Geza Vermes, who did more to revise our appreciation of the historical Jesus than any modern scholar, died yesterday of cancer, aged 88.
Born Jewish in Budapest, he was converted to Roman Catholicism by his parents in 1931. Both parents were murdered in the Holocaust. After the War, Geza became a priest, obtaining his doctorate with a dissertation on the Dead Sea Scrolls, in which he held unrivalled lifetime authority. He left the Church in 1957, moved to England and reasserted his Jewish identity. Up to his death he was Professor Emeritus of Jewish Studies and Emeritus Fellow of Wolfson College, Oxford.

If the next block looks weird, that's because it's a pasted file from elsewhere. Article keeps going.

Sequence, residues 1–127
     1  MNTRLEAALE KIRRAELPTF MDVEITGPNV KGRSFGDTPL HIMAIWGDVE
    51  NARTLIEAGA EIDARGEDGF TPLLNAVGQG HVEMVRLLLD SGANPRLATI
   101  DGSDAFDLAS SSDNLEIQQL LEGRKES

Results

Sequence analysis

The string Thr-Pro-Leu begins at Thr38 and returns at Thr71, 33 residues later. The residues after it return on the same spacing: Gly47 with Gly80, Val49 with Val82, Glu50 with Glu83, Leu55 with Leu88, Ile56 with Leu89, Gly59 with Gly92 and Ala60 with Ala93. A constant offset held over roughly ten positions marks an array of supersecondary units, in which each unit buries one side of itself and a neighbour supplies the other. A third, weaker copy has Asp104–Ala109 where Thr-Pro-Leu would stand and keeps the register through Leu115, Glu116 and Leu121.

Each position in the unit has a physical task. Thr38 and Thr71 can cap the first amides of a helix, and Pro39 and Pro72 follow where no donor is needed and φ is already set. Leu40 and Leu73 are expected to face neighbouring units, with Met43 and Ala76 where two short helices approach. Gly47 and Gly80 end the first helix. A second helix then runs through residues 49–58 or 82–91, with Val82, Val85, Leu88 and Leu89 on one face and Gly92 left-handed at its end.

Geza established the idea that Jesus was a first-century Jewish rabbi, who sought to redeem his own people and was little concerned with other nations. His groundbreaking work, published in 1973 was titled simply, Jesus the Jew.
A lucid, persuasive speaker, I last heard him discourse with dazzling fluidity just a few months ago. He was a regular contributor to Standpoint, whose editor, Daniel Johnson, contributes a beautiful appreciation here. I have seldom encountered so rich a mind.